Do I need to be stretching? Why do we not stretch before our workouts? What stretches do I need to do for this part of my body? These are some of the most common questions that surface as an individual traverses a resistance exercise program. This is often due to the “tightness” that occurs post workout and that can persist for the ensuing 2-5 days as well as the false notion that resistance exercise makes us “muscle bound.”
A 2011 research study conducted at the University of North Dakota examined the effect of a traditional static stretching protocol vs performing resistance exercise through full range of motion. They divided participants into three groups: one that performed 5 weeks of static stretching, one that performed 5 weeks of resistance exercise and one that had no intervention (control group). At the conclusion of the study, researchers found no significant differences in range of motion between intervention groups when assessing hamstring extension, hip flexion, hip extension, or shoulder extension. However, both intervention groups saw an increased range of motion when compared to the control (non-intervention) group. Thus, the notion of becoming “muscle bound” or developing excessive tightness from resistance exercise is not only unsubstantiated, but the opposite effect was seen. By performing only resistance exercise, participants saw INCREASED joint range of motion and muscle flexibility to the same extent of those individuals performing only static stretching.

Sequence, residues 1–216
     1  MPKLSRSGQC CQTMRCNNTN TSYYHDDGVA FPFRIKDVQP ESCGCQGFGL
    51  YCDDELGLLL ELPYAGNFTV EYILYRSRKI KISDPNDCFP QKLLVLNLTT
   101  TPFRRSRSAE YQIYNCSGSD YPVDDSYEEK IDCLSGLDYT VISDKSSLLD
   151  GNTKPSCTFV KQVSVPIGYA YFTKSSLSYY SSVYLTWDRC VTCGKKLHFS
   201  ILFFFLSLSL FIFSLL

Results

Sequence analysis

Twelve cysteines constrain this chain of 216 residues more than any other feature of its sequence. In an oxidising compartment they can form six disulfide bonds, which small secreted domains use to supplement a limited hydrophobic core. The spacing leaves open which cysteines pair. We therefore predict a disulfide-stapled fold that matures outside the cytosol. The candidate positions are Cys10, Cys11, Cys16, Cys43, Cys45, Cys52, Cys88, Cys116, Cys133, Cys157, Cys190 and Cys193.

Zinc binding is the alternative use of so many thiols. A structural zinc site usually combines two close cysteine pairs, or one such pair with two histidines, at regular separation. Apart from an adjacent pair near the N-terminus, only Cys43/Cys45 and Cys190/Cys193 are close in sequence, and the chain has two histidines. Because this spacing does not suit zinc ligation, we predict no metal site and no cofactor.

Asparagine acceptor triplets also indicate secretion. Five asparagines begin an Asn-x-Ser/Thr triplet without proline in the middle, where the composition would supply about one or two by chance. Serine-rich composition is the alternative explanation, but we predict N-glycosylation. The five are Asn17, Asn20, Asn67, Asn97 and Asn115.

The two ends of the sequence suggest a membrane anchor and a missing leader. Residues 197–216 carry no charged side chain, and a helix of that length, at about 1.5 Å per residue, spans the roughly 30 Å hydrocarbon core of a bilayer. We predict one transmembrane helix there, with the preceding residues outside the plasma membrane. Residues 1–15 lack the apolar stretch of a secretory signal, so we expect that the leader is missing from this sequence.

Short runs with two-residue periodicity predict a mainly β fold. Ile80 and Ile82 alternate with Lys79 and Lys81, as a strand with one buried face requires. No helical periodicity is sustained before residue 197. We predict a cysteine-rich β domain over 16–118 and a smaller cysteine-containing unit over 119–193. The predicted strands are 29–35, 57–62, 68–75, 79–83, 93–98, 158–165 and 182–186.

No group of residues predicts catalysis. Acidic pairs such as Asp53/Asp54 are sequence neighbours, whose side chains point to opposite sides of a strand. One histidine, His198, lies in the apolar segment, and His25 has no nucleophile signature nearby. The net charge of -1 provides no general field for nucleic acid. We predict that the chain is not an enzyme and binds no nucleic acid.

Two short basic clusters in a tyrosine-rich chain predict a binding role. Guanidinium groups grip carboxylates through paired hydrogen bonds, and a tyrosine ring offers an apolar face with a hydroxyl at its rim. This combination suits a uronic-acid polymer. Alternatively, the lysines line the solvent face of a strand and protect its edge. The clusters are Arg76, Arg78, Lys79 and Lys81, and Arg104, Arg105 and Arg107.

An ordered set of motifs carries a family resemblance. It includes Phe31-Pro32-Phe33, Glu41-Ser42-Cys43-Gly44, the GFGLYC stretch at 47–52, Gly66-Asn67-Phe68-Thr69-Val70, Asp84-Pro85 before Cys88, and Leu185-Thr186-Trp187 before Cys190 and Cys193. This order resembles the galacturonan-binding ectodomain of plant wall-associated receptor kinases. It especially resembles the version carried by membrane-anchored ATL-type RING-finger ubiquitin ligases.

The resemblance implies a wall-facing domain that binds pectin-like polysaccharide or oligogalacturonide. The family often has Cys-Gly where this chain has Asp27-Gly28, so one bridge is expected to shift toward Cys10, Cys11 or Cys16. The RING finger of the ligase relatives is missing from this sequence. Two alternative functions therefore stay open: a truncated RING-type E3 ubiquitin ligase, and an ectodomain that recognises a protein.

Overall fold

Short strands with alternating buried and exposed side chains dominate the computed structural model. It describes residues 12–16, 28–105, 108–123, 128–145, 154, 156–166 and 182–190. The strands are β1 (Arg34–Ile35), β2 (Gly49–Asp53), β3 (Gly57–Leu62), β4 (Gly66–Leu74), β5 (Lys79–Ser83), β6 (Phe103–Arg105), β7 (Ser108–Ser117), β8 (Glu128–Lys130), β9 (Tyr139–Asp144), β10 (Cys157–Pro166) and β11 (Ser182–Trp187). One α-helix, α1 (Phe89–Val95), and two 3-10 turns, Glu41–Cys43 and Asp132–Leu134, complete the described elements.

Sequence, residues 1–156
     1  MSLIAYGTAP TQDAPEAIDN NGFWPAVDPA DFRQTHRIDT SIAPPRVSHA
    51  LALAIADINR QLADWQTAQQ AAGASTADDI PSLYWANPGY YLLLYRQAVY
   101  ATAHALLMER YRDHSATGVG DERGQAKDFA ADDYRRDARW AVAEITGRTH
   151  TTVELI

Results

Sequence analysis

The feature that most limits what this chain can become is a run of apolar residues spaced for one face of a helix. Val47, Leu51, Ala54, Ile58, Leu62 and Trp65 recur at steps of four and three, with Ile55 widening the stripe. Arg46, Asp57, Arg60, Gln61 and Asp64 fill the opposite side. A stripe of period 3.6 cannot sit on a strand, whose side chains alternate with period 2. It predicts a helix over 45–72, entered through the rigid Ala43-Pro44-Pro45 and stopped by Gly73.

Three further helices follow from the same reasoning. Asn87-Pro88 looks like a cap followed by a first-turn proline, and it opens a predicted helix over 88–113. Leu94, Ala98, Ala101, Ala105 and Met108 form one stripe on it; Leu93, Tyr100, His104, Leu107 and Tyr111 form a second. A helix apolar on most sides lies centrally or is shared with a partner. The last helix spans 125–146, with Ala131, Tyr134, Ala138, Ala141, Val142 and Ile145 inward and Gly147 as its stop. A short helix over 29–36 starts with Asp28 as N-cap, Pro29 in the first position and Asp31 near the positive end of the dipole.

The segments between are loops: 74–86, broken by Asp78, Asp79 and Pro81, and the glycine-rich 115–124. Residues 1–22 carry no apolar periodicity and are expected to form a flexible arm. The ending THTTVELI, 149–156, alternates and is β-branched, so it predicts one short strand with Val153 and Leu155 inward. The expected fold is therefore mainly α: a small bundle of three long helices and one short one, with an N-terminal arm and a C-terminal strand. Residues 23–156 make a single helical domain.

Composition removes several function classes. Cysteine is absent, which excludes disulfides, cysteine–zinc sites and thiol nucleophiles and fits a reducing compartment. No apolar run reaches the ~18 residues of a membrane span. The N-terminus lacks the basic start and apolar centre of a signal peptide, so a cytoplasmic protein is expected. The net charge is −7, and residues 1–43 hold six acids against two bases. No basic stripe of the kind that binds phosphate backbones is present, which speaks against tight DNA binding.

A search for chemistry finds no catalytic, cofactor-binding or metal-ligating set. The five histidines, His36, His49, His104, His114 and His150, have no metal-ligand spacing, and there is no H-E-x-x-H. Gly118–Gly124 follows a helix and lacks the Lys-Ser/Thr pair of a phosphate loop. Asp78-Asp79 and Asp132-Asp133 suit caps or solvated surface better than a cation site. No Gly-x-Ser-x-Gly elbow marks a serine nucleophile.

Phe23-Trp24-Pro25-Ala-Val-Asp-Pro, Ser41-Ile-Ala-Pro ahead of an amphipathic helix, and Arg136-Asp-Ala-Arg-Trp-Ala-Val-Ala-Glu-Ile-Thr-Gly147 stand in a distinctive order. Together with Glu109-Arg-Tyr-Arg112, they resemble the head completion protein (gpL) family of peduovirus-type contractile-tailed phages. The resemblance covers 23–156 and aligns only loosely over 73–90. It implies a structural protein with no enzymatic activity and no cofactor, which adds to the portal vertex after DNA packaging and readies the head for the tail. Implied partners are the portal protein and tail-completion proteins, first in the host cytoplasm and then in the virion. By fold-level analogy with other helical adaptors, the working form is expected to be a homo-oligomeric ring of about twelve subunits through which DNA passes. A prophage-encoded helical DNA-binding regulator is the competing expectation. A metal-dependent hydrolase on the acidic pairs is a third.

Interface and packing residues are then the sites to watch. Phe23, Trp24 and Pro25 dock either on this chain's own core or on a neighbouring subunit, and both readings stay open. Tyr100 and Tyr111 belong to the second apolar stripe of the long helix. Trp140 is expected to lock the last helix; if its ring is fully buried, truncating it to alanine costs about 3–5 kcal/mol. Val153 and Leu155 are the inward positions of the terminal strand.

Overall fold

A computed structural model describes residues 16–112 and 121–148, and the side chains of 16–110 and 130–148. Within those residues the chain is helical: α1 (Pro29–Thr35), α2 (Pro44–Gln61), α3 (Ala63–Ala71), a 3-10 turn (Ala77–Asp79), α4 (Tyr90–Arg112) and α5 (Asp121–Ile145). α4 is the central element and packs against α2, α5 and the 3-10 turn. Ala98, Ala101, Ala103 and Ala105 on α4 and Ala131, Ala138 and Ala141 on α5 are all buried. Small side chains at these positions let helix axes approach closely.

Additionally, traditional static stretching may in fact have adverse effects on muscle performance. A 2012 study examined the results of over 100 previous studies ranging from 1966-2010 that included over 2,000 participants. They concluded “Clear evidence from 104 studies that pre-exercise static stretching induces significant and practically relevant negative acute effects on maximal muscle strength and explosive muscular performance, regardless of subject’s age, gender, or training status.” This is ironic in that one of the principal reasons for incorporating a stretching regimen (especially in athletics) is to improve both muscle strength and performance.
Take home messages:
1) Performing resistance exercise though a full range of motion has the same effect on joint range of motion as performing a traditional static stretching protocol.
2) If you are going to perform static stretching, do so AFTER your resistance exercise workout or AFTER your athletic event as doing so before can impede muscle strength and performance (i.e stretching is not a good warm up).
3) Traditional static stretching does not alleviate resistance exercise induced muscle tightness or soreness.
4) Before incorporating a static stretching routine ask yourself “why am I doing this?”. If you are doing so because you enjoy it, you find it relaxing, or you are using it to improve mental health (yoga for example), that is justifiable. However, if you are under the assumption that “I need to” or “It will help me get more from my workout” then consider avoiding it all together.